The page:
REVIEW: Pyramid iCOR Putter

What You Need To Know

  • The Pyramid iCOR Putter is available as a blade or mallet, and comes in 33″, 34″ or 35″ lengths
  • Features precision-milled gear effect grooved insert, iCOR speed correcting compound, stability weighting, eye-line milled alignment guide and no-taper grip 
  • Retails for $399.00; now available for $257.00. Comes in right-handed and left-handed dexterities 

The advent of advanced statistics has been a great thing for golfers of all skill levels, but there’s no doubt the pendulum may have swung too far in one direction.

While ardent stat heads like to point to the importance of the long game, they unintentionally (or incorrectly) pour cold water on the short game, specifically putting. A common calling card is the “debunking” of drive for show and putt for dough. 

The misnomer here is that while driving may have been undervalued in years past, putting is still incredibly important. How important, you may ask: it makes up about 40% of a golfer’s strokes per round across every handicap level. One club accounts for 40% of our strokes. I’d say that’s still pretty important. 

With the stats lesson out of the way, we know the importance of having the right putter in the bag; one we can depend on and one that performs at its best even when we don’t, which is precisely what the Pyramid iCOR Putter was designed to do.

First Impressions

Like its predecessor, the Pyramid iCOR Putter’s superpower is its uniquely-designed putter face and it’s pyramid-shaped milling pattern that self-corrects mishits. That’s a pretty heady sentence to write – and we’ll get into the specifics a bit further down.

The difference between the OG Pyramid Putter and the iCOR is precisely that: the iCOR insert. The sweetspot of the putter now features aircraft-grade aluminum in front of a compound that boosts the Coefficient of Restitution. (The last time you might have heard the Coefficient of Restitution phrase was in reference to whether or not you should pull the flagstick when you putt.)

Basically what it boils down to is this with regard to the COR in the putter face: a higher COR means less energy loss on miss-hits. Additionally, this new insert gives the iCOR putter a much “softer” feel when stroking putts as opposed to the more “clicky” feel of its predecessor.

The iCOR also boasts a similar, albeit optimized non-taper grip as well that feels good in your hands.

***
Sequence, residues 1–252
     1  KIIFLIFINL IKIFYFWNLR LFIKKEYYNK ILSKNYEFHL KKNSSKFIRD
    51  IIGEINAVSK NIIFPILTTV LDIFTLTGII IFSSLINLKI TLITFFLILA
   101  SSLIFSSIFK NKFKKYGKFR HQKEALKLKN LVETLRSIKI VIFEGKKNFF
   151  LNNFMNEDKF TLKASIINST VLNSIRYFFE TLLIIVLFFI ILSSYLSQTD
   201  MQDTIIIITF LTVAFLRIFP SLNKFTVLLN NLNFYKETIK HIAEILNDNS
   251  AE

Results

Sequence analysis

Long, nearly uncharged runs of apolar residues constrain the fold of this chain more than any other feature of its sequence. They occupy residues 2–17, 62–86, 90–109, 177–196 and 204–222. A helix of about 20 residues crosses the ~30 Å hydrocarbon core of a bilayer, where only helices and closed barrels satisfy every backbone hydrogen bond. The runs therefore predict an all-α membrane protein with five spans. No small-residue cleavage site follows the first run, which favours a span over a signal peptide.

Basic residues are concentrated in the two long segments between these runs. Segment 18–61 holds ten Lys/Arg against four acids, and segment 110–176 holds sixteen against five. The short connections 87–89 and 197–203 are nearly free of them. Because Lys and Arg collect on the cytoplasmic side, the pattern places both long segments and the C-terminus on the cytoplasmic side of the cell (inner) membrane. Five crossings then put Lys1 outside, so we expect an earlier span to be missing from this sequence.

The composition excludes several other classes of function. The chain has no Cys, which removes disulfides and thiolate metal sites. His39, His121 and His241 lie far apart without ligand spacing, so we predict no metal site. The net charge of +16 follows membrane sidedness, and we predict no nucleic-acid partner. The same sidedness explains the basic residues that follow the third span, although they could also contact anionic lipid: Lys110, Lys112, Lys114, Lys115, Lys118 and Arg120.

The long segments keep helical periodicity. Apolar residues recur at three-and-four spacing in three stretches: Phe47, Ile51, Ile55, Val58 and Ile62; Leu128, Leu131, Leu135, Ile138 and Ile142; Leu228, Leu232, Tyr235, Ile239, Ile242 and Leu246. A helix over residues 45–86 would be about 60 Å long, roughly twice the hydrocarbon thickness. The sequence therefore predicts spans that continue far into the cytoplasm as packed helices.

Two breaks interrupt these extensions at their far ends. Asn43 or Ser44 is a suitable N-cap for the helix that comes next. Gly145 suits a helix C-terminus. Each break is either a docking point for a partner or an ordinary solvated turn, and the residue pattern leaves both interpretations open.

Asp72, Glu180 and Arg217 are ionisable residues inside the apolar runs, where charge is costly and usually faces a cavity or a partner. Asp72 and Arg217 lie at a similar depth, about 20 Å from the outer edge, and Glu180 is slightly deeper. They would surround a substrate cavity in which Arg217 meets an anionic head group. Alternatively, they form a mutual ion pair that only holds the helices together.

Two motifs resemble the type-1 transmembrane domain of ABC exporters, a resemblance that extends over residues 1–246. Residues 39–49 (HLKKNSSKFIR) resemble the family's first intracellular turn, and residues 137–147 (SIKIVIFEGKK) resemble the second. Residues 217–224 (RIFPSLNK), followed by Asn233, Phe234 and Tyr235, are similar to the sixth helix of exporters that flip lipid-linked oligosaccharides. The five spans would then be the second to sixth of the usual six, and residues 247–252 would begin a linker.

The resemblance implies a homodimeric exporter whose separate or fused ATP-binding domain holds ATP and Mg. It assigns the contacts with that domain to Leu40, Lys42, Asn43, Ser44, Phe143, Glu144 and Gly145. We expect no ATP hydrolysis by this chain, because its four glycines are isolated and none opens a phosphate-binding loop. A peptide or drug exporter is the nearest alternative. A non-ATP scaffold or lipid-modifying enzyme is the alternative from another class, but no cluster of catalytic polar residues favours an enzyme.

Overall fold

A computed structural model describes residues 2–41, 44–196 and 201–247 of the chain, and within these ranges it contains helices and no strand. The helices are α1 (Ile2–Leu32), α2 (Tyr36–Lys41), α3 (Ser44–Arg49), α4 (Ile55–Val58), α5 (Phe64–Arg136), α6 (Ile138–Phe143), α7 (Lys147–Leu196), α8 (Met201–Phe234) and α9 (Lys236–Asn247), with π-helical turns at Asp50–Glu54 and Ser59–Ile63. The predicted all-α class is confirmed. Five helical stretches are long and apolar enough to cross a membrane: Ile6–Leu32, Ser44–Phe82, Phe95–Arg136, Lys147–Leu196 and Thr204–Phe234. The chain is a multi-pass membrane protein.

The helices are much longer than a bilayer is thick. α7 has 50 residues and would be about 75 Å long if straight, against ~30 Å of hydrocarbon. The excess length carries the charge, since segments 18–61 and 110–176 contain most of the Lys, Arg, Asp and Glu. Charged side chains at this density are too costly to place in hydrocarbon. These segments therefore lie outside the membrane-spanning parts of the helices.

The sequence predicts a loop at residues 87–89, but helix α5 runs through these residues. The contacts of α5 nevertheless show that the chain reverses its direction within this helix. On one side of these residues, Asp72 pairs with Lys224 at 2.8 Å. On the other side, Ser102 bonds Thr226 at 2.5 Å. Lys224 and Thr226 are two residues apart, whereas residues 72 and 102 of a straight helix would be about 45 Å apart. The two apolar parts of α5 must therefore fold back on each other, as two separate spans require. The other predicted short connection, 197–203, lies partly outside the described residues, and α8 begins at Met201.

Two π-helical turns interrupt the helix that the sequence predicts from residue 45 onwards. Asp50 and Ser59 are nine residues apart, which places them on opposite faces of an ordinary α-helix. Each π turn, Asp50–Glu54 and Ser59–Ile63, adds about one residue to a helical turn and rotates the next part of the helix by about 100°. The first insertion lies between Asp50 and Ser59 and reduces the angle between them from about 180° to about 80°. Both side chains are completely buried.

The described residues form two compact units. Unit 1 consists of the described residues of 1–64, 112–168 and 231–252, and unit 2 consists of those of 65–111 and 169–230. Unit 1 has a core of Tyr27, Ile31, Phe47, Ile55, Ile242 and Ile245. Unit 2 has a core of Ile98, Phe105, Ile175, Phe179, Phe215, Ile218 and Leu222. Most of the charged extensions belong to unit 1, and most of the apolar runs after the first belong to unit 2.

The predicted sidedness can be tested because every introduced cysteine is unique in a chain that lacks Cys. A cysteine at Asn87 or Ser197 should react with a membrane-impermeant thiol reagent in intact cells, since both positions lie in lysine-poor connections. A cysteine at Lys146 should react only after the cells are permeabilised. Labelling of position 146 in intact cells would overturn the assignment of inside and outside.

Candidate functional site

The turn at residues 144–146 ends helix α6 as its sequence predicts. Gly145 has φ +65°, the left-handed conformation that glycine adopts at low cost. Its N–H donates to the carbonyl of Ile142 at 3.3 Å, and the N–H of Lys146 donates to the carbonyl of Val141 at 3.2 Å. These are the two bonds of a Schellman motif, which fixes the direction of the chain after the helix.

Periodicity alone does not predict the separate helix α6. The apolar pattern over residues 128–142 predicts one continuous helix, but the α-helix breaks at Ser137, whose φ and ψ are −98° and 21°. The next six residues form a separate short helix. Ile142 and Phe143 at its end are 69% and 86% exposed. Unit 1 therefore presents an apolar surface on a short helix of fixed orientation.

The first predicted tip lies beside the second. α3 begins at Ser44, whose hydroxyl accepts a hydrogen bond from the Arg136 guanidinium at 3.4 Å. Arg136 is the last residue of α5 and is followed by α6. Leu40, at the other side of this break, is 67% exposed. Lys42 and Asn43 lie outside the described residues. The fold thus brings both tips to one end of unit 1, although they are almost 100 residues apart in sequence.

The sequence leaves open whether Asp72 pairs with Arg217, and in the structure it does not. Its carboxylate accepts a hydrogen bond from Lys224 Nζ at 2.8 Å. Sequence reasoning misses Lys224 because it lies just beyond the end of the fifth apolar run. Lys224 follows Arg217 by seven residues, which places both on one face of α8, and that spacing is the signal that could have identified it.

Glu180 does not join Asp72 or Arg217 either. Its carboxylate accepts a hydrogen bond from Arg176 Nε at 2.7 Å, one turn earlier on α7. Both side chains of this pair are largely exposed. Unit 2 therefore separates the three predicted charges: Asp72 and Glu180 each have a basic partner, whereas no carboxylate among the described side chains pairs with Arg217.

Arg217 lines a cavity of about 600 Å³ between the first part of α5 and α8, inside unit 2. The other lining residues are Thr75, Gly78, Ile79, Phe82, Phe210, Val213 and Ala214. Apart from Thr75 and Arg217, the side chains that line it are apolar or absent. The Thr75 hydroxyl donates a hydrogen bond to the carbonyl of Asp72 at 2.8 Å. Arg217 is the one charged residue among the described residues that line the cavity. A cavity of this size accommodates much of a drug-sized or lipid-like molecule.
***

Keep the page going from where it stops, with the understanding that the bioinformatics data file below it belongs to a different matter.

On The Course

All the technology talk can make my head spin a bit, but there’s nothing difficult to understand when it comes to how the iCOR Putter performs on the course.

There’s not much to be said about the iCOR’s center-face strikes. The putter performs as well if not better than its $400-600 contemporaries, but where it truly exceeds expectations is on those less-than-perfect strokes.

And I’d argue the confidence gained from when you do mishit putts makes the center strikes more common (but admittedly, that could be some placebo on my end). As a consistent toe-putter, the iCOR’s ability to get the ball tumbling cannot be overstated. 

Another equally beneficial characteristic is the consistent distance created by the iCOR insert. As you might expect, the longer the stroke, the more difficult it is to find the center of the face. This is an issue that plagues golfers of all ability levels, and knowing what we do about one-putt make percentages, every foot counts when it comes to eliminating 3-putts.

The Takeaway

Both the iCOR blade and mallet putters perform as advertised. You may not see as many of these on Tour, but that’s because off-center hits aren’t nearly the issue for the best players in the world as it is for the rest of us. 

For me personally, between the iCOR insert and the redesigned winged mallet design, the iCOR is going to be a go-to putter for a long time. 


The Pyramid iCOR Putter is available in blade or mallet styles at 33″, 34″ or 35″ in length. It retails for $399.00 each, but now is available for $257.00 and comes in right and left-handed dexterities. Visit for more information.